Facts About STDs Everyone Needs to Know
"The first step in protection is education. Know before you go!"
Sexually transmitted diseases (also called STDs, or STIs for sexually transmitted infections) are infections that can be transferred from one person to another through sexual contact.
Everyone, young or old, rich or poor, sexually active or not, needs to know a few important facts about sexually transmitted diseases.
1What are STD?
Sexually Transmitted Diseases are infections that are passed from person to person through sexual contact, including:
Sexually transmitted diseases are caused by different infectious microorganisms including bacteria, viruses and parasites, which are transmitted through semen, vaginal fluid, blood or other body fluids during sexual activity.
2There is no immunity to STD
If you get an STD once, you can get it again. Moreover, you can have more than one STD at a time. Hepatitis B is the only STD for which a licensed vaccine is available.
3The incidence of STD's is rising
Even with all the education and resources available today, sadly, the number of cases of STDs continues to rise dramatically worldwide.
This is happening in part because in the last few decades young people have become sexually active earlier yet are marrying later. In addition, divorce is more common. The net result is that sexually active people are more likely to have multiple sex partners and are more likely to acquire STD's.
4Half of all STDs occur in people younger than age 25
Although teens and young adults represent only 25% of the sexually active population, 15Ė24-year-olds account for nearly half of all STI diagnoses each year. Adolescents are more concerned about unwanted pregnancy than with contracting an STD.
5"No symptoms" does not mean "no STD"
Most STDs can be "silent," causing no noticeable symptoms. These asymptomatic infections can be diagnosed only through testing. So you can be infected and infect someone else without knowing it.
This is especially true in women. If symptoms develop, they may be confused with those of other diseases not transmitted through sexual contact. In fact, about 70% of chlamydial infections in women, and 50% in men are without acute symptoms.
6There is currently no cure for STDs caused by viruses
Viral STDs (such as genital warts, herpes, hepatitis B) can not be cured, but their symptoms can be treated. There is no way to get any of these viruses out of a person's body once he or she has become infected.
7Bacterial STDs are curable
Bacterial STDs, such as gonorrhea, syphilis, and chlamydia, are cured with antibiotics.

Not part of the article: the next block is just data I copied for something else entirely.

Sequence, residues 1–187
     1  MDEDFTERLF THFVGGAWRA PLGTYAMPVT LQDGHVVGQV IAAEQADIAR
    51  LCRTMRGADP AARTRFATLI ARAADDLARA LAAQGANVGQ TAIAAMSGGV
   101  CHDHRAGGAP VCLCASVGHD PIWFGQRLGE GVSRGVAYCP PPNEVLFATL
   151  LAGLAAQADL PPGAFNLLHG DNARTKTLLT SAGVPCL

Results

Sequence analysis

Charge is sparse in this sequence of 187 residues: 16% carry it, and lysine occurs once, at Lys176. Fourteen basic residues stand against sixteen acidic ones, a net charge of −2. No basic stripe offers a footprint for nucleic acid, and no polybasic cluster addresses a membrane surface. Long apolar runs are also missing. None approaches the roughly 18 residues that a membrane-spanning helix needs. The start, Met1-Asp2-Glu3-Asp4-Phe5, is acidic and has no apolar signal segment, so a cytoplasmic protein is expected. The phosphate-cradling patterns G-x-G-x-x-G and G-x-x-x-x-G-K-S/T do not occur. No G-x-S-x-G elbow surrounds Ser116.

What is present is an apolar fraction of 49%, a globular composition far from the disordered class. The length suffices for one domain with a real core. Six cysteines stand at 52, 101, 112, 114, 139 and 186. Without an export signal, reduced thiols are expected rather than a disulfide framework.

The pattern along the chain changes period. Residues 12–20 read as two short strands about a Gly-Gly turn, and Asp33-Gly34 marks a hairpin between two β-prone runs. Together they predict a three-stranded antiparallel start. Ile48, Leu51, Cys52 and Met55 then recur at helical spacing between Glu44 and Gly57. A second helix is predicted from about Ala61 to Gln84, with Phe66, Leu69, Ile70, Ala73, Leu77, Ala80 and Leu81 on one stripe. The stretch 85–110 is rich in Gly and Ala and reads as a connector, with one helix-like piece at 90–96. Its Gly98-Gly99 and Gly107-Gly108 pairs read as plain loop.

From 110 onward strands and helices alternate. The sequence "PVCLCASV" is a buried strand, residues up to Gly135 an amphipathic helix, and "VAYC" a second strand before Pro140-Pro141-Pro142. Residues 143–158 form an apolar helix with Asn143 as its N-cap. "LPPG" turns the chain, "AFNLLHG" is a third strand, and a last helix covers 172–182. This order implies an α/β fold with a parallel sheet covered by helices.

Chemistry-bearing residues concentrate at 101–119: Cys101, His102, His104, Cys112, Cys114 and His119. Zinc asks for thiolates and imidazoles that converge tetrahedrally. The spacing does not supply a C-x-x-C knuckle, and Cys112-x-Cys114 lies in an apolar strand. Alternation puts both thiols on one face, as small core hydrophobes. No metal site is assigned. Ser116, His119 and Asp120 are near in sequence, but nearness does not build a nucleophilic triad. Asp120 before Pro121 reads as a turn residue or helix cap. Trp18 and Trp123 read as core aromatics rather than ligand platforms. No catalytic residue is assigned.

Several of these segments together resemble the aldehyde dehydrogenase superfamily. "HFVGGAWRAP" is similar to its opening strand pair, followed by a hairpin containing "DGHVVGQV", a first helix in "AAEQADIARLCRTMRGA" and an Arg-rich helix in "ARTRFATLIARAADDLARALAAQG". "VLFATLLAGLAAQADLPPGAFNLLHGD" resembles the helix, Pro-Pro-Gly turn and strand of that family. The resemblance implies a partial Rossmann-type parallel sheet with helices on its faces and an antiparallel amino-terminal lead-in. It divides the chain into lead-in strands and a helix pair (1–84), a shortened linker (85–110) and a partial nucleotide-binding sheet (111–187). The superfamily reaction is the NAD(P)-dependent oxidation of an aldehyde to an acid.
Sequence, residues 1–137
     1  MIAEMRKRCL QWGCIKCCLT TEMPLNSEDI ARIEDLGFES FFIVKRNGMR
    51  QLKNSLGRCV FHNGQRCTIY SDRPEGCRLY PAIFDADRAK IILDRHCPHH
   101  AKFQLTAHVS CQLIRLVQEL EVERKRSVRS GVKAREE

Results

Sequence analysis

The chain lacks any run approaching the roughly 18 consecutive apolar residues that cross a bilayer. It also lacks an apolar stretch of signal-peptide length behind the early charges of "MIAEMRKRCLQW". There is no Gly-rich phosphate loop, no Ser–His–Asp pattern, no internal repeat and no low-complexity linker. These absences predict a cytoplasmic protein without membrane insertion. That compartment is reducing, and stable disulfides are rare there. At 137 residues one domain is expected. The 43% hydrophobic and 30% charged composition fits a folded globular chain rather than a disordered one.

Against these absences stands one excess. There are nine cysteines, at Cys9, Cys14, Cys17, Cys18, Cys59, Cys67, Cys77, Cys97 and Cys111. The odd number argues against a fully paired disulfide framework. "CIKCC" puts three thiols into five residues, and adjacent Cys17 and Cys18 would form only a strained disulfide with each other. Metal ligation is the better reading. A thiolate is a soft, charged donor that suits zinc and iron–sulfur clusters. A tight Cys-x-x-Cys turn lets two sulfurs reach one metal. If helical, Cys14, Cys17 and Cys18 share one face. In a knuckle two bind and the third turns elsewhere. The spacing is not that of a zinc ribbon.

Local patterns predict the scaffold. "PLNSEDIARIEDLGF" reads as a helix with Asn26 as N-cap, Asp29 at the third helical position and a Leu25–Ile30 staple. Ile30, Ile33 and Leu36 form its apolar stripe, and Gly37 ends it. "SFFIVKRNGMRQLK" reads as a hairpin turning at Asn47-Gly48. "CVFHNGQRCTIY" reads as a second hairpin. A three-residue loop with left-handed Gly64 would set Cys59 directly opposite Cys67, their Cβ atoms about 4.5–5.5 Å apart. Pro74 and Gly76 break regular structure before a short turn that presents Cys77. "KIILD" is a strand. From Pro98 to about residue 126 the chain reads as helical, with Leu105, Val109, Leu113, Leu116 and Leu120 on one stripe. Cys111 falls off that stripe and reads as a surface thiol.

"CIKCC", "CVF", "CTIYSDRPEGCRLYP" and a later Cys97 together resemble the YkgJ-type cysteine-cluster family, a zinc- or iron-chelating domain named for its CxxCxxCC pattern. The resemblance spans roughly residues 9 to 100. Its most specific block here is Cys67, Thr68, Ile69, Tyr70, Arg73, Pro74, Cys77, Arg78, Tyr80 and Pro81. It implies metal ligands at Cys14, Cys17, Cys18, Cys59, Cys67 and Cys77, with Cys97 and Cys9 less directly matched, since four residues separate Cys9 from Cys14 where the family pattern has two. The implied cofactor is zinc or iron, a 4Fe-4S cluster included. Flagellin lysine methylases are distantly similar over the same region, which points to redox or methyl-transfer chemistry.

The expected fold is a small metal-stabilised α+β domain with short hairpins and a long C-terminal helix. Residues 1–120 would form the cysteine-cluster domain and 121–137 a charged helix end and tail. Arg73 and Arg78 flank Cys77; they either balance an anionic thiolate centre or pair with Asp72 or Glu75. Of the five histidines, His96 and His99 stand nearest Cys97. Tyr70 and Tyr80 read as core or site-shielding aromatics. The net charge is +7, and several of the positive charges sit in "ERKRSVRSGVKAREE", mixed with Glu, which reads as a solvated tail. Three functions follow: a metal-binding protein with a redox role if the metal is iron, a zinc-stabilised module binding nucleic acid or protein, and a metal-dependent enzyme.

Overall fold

8Women are more likely to have serious health problems from STDs
Health problems caused by STD's tend to be more severe and more frequent for women than for men. This is because of the increased frequency of asymptomatic infections. As a result many women do not seek care until serious problems develop.
9Consequences of STDs
It is quite true that most sexually transmitted infections can be completely cured if they are caught at an early stage. However, if left untreated, STIs can pose a long-term risk to your health and fertility. And the sad fact is that certain STDs are eventually fatal.
While each STD causes different health problems, overall, they can cause:
10Certain STDs can be transmitted through Non-Sexual contact
Usually direct sexual contact, such as vaginal, oral or anal sex, is required to transmit the infection. However, some STDs can be passed in non-sexual ways, either with body-to-body contact or surface-to-body contact:
Babies can contract many different STDs at birth from their infected mothers.
11Condoms are very effective, but don't offer 100% protection from STD
Remember, although condoms can help reduce your exposure to STDs, they are not foolproof. Condoms will not protect you from some STDs, because the condom may not cover the infected area. Examples of some infections that can be transmitted despite religious condom use are:
But because condoms cannot protect against every form of STI, it is important to limit the number of sexual partners you have, and to be tested for STIs on a regular basis.
12Retest for certainty
The only way to know if the sexually transmitted disease is no longer present is to follow-up with your doctor for retesting and examination. Follow-up is extremely important because a person may have a resistant strain of the infection and could still have the infection despite it being adequately treated.
13Signs and symptoms related to STD
You may have an STD if you have any of the following symptoms:
14STD disparities: rates tend to be higher among African Americans
Although STDs are widespread across racial and ethnic groups, the rates tend to be higher among African Americans than white Americans.
Blacks remain the group most heavily affected by gonorrhea. In 2004, the gonorrhea rate among blacks was 19 times the rate among whites.
The rate of chlamydia among black women was nearly eight times the rate among white women. The rate among black men was more than 11 times that of white men1.
15Behaviors and conditions that can increase the risk for STDs
The following behaviors and conditions can increase the risk for STDs:
16Non-STI infections that may be transmitted via sexual contact
Some bacteria, viruses, and parasites that are usually transmitted nonsexually can sometimes be transmitted during sex:
17The most reliable way to avoid getting an STD is to not have sex
Obviously, abstinence (not having oral, vaginal, or anal sex) is the best way to prevent STDs. This is OK for some, but not realistic for most people.
Failing that, the next surest way to is to limit the sexual relationship to a mutually monogamous relationship with a partner who has been tested and does not have an STI.
And the third way to protect yourself from sexually transmitted diseases is to use condoms consistently and correctly.